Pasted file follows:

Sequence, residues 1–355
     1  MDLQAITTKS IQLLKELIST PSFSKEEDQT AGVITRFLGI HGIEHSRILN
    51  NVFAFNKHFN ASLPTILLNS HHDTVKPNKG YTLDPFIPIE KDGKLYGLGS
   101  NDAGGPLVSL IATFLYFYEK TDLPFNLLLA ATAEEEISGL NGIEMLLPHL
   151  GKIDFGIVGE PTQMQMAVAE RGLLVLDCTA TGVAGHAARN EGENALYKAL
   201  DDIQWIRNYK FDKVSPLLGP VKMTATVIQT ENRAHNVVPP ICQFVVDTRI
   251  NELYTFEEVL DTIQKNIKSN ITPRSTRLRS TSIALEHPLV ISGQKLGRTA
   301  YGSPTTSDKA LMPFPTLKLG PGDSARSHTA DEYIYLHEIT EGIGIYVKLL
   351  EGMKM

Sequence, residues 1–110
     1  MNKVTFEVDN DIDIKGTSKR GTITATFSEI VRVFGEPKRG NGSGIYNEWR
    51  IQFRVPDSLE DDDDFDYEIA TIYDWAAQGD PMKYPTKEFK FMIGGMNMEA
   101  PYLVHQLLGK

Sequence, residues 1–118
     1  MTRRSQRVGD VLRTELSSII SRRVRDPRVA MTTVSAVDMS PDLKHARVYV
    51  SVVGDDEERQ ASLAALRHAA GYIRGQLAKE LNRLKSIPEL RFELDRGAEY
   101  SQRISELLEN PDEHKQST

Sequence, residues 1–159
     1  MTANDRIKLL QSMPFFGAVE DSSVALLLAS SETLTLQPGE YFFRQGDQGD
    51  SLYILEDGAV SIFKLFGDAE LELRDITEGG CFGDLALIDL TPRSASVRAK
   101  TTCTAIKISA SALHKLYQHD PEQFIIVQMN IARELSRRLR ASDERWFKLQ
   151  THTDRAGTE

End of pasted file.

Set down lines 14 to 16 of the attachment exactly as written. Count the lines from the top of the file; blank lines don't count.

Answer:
Sequence, residues 1–118
     1  MTRRSQRVGD VLRTELSSII SRRVRDPRVA MTTVSAVDMS PDLKHARVYV
    51  SVVGDDEERQ ASLAALRHAA GYIRGQLAKE LNRLKSIPEL RFELDRGAEY